This isn't conflicts in the Middle East. This isn't the loss of Massachusetts' favorite son, Ted Kennedy. This isn't even as bad as dumping a Stone Ruination IPA by accident (couldn't resist, JHR). It is, however, about a possible change in the New England Patriots reporting landscape. Could it also be a harbinger of things to come?
If you don't know by now, let me recap for you. Mike Reiss has signaled his departure from the Boston Globe for the newly minted ESPNBoston, the sports network's second city specific site.
As stated in the article linked above, ESPN did it's homework. They handpicked one of the best beat writers they could find to start things off. I have always respected Mike's writing style. Unlike columnists who opine on what they see and read, beat writers are reporters in the truest sense of the word - they collect information and present it in a way that we can digest. Reiss was rarely opinionated about what he was reporting on. Rather, he analyzed and provided insight based on his access and knowledge. You could probably make an argument that there's a fine line between analysis and opinion, but I never got the feeling Mike was adding his personal slant to the subject.
The other aspect of Reiss's work was the shear volume and immediacy of information coming from his direction. Early on, he GOT the whole digital world and provided factoids at an almost blistering pace through his blog, Reiss's Pieces. This was a boon for us bloggers. No longer did we have to wait for articles to be written and "published". Quotes, facts, and analysis would come our way throughout the day, providing a plethora of material to quote and write about. This site quotes him constantly simply because he's a one stop shop.
Now, what does this mean to the Patriots reporting landscape? Maybe not much other than a few more opportunities for Boston Globe writers:
"We’re very sorry to lose Mike Reiss. But talent runs deep in our sports staff. We’ll draw on the other great sports journalists who work here, and we’ll bring in some new talent, too.’’
Without specifically calling him out, Chris Gasper is the logical heir apparent to Mike's vacated spot. Unless, of course, ESPNBoston is going after him, too:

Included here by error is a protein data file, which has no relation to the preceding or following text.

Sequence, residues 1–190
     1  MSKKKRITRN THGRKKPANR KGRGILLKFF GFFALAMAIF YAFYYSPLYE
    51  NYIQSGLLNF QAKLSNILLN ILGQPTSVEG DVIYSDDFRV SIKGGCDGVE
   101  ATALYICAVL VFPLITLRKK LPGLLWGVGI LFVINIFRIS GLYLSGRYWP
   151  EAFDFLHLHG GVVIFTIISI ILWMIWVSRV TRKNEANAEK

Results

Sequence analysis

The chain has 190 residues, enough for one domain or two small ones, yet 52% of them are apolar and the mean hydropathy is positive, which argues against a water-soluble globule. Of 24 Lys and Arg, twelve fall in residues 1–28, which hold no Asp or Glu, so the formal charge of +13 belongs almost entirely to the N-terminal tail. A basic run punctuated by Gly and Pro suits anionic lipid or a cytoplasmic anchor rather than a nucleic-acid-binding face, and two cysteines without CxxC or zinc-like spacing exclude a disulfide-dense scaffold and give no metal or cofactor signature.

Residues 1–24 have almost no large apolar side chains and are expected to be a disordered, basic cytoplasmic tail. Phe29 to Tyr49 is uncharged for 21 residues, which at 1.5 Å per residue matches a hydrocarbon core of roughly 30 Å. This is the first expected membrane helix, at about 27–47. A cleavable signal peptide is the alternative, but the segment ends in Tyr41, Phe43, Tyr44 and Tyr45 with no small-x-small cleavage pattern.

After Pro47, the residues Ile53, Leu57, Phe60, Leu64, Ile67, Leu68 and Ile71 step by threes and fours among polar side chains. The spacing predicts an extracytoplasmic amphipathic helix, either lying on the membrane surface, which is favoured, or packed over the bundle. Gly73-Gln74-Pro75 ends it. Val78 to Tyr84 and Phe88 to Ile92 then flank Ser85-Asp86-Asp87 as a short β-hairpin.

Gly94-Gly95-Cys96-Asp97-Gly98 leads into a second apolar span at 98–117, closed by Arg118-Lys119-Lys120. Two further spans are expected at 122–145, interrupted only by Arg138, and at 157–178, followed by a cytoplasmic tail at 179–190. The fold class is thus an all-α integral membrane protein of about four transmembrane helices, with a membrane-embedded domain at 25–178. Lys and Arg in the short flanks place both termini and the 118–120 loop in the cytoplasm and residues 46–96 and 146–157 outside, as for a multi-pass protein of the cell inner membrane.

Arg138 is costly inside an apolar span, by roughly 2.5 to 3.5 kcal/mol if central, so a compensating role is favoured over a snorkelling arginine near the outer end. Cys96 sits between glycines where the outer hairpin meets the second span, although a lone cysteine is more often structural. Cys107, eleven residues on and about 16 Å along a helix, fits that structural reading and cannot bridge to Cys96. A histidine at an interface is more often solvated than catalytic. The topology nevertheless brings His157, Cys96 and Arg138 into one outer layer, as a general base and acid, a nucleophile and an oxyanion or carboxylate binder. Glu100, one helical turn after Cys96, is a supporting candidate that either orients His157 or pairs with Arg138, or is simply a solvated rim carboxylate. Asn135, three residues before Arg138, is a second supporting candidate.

Multiple sources with knowledge of the situation indicate that ESPNBoston is pursuing other Globe writers. Sources at WEEI and the Boston Herald indicate that they are unaware of ESPNBoston pursuing any of their staffers, and The Sports Hub 98.5 website is still in the fledgling stage. And there will be yet another player on the local media scene soon, when
ComcastBoston premieres a site that intends to compete with Boston.com, WEEI.com, and ESPNBoston, among others, in covering local teams.
Or, maybe it means more. Reiss's departure is not on par with world hunger, but it could indicate the beginning of the end for sites like Boston.com. Owned and operated by a "local" news operation (yes, I know the New York Times owns the Globe), we could be seeing the gobbling up of sports reporting by conglomerates like ESPN, leaving local sites struggling to compete. Like Reiss, ESPN GETS the whole digital media thing. It's no longer about newspaper sales; it's about page hits and visits. Ad revenue doesn't come from the printed page, but sites. The more popular your site, the more likely it is that companies will place ads with you. And, most importantly, the more money you'll make.
ESPNBoston's hiring away of Reiss was a shrewd, smart, business move. Take one of the most respected local beat writers in the area, a guy who's been online for a long time, and hire him away from one of the best online sites in the area. Why try to "buy up" Boston.com? It's far cheaper to spin up a site, back it with a well known name and all the muscle that comes with that name, and steal away one of the best beat writers in the area.